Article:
Efficacy of glasgow coma scale in predicting the prognosis in patients with head injury

Tracy Rosalin Poulose, - (2018) Efficacy of glasgow coma scale in predicting the prognosis in patients with head injury. Masters thesis, PSG Institute of Medical Sciences and Research, Coimbatore.

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Abstract

AIM OF THE STUDY: It can be clearly stated that the Glasgow Coma Score has already been validated as an excellent assessment for monitoring and predicting the prognosis in patients with head injury, however, this study will take the next step and compare each component of the Score and identify which of the three has more weight in the overall Score in predicting the outcome of the patient. OBJECTIVES: Score assessment was based on the following design objectives: 1. To evaluate the efficacy of Glasgow Coma Scale scoring in predicting the prognosis of head injury patients. 2. To assess each individual component of the Glasgow Coma Scale and identifying which of the three is significantly predicting the outcome of a patient’s prognosis. 3. To predict the outcome of a patient’s prognosis with the initial assessment of the patient and comparing it to the Glasgow Outcome Scale during the 6-month follow up. METHODOLOGY: Cases of isolated head injury that follow the inclusion/exclusion criteria will be selected from the trauma cases that come through the emergency department. Study Design: Observational Cohort Study. Study Population: Head Injury Patients aged 16 years and above. Study Sample: 30 cases. Inclusion Criteria: 1. GCS 12 or less, 2. Age 16 years and above, 3. Closed and Open Head injuries, 4. Apparently healthy individuals. Exclusion Criteria: 1. GCS 13 or more, 2. Age 15 years or less, 3. Cases with associated major abdomen/chest/orthopaedic trauma, 4. Known Case of: a. Liver Pathology/Failure, b. Renal Failure, c. Cardiac Failure, 5. Patient on Heparin/Warfarin. The following Scales will be used for assessment of the selected head injury cases: Glasgow Coma Scale: Initial Assessment will be made upon arrival to the Emergency Medicine Department and 6 hours after patient has been received in the emergency department. This allows for rehabilitation and resuscitation of the patient. If the patient has alcohol intoxication, this 6 hour period allows for the patient to be cleared of the alcohol content in his blood and prevents the intoxication giving a false GCS score before and after the resuscitation. Criteria for patients with an acute head injury has been suggested by National Institute of Clinical Excellence: Clinical Guideline. Pupillary Assessment: Pupillary reactivity to light is one of the major prognostic factors in head injury patients. Asymmetrical pupils are significant in the prognosis of the patient. Glasgow Outcome Scale: All head injury patients can finally be scored with regards to their outcome after medical/surgical management. The following table illustrates the different levels of outcome. These five outcomes can be further categorized as favorable (good recovery, moderately disabled) and unfavorable (severely disabled, vegetative and death). The outcome of the head injury patients were assessed during the 6-month follow up appointment. RESULTS: A majority of patients (18/30) with no verbal response, whether intubated or not, had a poor Glasgow Outcome Scale (85.7%). It was a significant finding (p= <0.01) compared to that of motor response which had a p value of 0.109. Predicting the precise outcome of a patient’s prognosis in the form of Glasgow Outcome Scale, could be done only to a certain extent. According to the results of this study, patient with no verbal response conferring to GCS score, will not have good recovery compared to that of absent motor response. DISCUSSION: This study revealed that of the 30 patients, being of moderate to severe head injury cases, none of them were of vegetative state or dead by the sixth month of follow up according to Glasgow Outcome Score. Statistical analysis of the results of this study was done and presented as tables which were portrayed earlier. A comparison between the results of this study and that of other similar studies have been cleared below. This study has revealed much of the same knowledge we know about the Glasgow Coma Scale and its components; this being the fact that out of the three components, eye response was of lowest stature in predicting Glasgow Outcome Scale. The number one predictor of GOS, in this study, was found to be motor response, even though verbal component had a more significant p value (<0.01). This is explained by the fact that a majority of patients (18/30) with no verbal response, were intubated causing a stir in the final result. CONCLUSION: In contrast to many of the other studies analyzing the Glasgow Coma Scale in relation to prediction of Glasgow Outcome Scale, this study showed significant light on verbal response as a prognostic variable.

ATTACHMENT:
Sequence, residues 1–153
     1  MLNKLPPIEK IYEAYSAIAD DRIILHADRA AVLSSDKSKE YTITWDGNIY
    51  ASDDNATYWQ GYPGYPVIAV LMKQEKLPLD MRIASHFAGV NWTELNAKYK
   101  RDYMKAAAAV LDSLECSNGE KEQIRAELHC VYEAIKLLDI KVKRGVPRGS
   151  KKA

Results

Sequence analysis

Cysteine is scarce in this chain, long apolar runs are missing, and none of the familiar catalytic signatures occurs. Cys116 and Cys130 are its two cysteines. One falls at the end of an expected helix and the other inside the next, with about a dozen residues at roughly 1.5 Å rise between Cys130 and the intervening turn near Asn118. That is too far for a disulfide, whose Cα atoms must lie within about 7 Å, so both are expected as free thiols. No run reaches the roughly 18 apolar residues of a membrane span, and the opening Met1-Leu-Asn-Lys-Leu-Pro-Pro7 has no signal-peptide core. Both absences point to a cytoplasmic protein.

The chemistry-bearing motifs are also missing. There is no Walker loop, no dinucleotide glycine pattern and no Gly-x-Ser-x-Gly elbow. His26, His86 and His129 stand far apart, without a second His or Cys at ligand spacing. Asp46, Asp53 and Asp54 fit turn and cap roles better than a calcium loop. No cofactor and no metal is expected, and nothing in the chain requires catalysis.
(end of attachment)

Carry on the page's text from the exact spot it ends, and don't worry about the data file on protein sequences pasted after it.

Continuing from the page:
Item Type: Thesis (Masters)
Uncontrolled Keywords: Efficacy ; glasgow coma scale ; predicting ; prognosis ; patients ; head injury.
Subjects: MEDICAL > General Surgery
Depositing User: Subramani R
Date Deposited: 07 Aug 2018 16:16
Last Modified: 07 Aug 2018 16:16
URI: http://repository-tnmgrmu.ac.in/id/eprint/9155

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